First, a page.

Where is the humanity it that?

mark rothko MOMASomeone once asked me in front of a Rothko “But where is the humanity in that?” Representational art, he felt, was more respectful and worshipful of the world and mankind, whereas modern art had turned its back on it.

I asked my friend Dan Siedell (author and Presidential Scholar and Art Historian in Residence at The King’s College, NYC) what his response would be.

He said that Modern Art had emerged in the mid-ninteenth century when artists left the studio and headed out into the landscape.

Studio art had ultimately become a distortion of humanity. Artists were involved in outdoing each other in an all out technical virtuoso academic showing off, basically. They weren’t interested in showing the human form as it really was, but only in showing a version they decided was better.

(Hmm. So, in fact this art was not representational at all, but idealized. And in fact distorted in its own way. Setting itself up as a superior version of humanity. Which begs the question… Where is the humanity in that?)

Modern art emerged when artists left the studio and went after truth, when they set out to recapture a sense of wonder and enchantment. And instead of copying what they saw (by this time photography was around and it was far better at copying) they tried to show what they felt.

Modern art demands something of us. It doesn’t hand anything to us on a plate. It doesn’t make it easy for us. We can’t stand in front of a Rothko and say, “Ah yes I see exactly what is going on here and that this is this and there is a horse and that’s a soldier and this is a story about this or that.” It’s not comfy. We want to explain it. We want to be in control. But we aren’t. It humbles us. It requires us to listen and watch and wait.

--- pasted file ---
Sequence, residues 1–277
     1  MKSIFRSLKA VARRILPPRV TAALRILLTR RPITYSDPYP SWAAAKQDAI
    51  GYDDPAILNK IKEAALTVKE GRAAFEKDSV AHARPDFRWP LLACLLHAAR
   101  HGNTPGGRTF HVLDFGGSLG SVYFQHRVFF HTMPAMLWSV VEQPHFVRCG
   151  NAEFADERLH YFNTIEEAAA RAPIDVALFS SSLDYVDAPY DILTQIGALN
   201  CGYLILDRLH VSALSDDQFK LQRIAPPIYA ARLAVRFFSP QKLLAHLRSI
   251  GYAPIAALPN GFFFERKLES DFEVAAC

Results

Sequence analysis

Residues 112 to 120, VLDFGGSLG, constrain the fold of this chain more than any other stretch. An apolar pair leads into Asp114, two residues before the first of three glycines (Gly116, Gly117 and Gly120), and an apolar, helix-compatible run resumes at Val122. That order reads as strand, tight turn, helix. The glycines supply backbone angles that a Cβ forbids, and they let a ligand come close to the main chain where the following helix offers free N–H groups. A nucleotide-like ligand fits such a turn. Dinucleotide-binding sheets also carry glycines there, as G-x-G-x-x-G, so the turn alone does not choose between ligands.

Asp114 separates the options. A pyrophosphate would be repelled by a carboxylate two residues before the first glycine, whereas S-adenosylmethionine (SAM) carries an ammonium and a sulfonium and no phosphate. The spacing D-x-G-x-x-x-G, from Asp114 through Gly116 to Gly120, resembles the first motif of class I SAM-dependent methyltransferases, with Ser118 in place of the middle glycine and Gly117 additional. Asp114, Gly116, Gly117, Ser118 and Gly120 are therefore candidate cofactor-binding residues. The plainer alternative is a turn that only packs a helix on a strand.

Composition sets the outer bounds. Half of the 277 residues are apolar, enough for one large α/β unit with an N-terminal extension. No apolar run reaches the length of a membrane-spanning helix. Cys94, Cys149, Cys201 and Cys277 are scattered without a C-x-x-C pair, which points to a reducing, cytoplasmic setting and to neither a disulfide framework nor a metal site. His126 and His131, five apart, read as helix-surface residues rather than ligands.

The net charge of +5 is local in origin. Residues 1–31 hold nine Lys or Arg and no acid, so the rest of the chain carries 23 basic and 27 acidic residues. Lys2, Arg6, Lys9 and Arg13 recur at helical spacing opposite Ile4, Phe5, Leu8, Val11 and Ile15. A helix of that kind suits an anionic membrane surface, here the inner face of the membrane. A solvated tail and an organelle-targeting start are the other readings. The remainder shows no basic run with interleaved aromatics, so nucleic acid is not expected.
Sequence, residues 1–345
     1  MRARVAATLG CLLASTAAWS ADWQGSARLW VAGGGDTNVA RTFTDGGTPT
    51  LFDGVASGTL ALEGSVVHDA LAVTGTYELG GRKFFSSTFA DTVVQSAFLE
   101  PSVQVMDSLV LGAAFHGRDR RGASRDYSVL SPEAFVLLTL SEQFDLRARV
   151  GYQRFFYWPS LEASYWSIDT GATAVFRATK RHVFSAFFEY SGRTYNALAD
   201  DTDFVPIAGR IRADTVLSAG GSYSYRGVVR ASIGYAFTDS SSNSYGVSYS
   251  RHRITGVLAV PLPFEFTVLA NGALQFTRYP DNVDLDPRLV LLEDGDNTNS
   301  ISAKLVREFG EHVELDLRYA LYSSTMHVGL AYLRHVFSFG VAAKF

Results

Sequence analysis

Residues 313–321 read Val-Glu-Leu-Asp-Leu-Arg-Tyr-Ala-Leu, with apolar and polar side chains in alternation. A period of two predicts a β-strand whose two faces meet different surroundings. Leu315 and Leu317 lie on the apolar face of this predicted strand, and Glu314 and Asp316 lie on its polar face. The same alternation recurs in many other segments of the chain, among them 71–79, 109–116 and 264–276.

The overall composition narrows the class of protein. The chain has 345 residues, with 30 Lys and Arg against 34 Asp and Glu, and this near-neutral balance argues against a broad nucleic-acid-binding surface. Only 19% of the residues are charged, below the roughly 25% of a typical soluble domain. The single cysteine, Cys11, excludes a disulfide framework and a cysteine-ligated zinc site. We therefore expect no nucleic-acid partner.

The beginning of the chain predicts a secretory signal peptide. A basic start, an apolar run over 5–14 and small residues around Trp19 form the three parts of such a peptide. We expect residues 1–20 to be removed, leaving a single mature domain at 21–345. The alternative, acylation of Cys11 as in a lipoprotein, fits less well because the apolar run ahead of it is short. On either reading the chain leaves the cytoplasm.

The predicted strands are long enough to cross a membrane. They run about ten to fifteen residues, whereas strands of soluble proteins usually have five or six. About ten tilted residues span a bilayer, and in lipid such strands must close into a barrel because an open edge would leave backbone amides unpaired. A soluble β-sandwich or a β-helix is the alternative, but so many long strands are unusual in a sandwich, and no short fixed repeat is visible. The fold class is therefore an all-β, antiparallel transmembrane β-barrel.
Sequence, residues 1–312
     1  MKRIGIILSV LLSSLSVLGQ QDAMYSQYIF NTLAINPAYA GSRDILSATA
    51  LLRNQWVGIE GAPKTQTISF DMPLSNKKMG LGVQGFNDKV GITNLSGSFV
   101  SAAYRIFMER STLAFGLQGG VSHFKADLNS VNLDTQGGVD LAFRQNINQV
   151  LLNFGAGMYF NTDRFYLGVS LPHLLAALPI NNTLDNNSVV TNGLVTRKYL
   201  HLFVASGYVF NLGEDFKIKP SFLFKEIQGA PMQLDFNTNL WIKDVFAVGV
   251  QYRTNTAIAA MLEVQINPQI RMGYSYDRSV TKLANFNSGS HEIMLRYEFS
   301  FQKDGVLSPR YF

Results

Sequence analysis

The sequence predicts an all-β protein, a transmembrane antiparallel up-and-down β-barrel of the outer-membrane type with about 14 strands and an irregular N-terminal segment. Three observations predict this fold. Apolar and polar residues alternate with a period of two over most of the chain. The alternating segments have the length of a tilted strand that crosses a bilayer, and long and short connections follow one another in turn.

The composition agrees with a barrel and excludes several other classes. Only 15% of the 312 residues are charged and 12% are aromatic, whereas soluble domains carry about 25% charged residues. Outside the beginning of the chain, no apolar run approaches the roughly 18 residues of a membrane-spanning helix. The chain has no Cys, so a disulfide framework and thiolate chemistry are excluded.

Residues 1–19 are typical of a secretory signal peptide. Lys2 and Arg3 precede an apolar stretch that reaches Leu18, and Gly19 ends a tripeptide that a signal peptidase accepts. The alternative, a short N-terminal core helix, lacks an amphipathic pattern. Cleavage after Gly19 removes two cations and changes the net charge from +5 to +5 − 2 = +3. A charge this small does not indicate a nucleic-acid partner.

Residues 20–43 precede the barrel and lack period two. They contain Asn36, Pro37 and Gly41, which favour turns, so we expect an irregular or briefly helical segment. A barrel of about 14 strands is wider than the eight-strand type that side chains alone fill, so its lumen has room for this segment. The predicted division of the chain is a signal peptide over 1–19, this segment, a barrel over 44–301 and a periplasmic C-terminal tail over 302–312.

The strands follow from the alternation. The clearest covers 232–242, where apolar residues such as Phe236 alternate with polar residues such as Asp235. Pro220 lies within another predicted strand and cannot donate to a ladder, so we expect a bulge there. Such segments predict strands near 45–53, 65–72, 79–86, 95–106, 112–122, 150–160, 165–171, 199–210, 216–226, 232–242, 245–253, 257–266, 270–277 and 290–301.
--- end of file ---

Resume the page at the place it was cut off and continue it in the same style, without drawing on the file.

Much as standing in front of the Grand Canyon does, or a vast ocean.

Because it’s not about what we do to the painting. It’s what the painting does to us.

“Everyone wants to understand art. Why not try to understand the song of a bird? Why does one love the night, flowers, everything around one, without trying to understand them? But in the case of a painting people have to understand.” Picasso

Rothko Detail

Rothko, detail

SLJ.

You may be interested to read a related blog on modern art: My Child Could Do That.

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One Response to “Where is the humanity it that?”

  1. Lara Barnett

    I find Rothko’s work to be incredibly relaxing, like, ‘oh, okay, everything will be allright.’ Where isn’t the humanity in that?
    As an artist existing in the post modern era, art has become about, ‘what new concept can I come up with?’ Sculptures of legos? Re-defining graffiti? You have to be careful about your motives, why am I painting this? Beauty? Grostequeness? Showmanship? That all seems very human to me.

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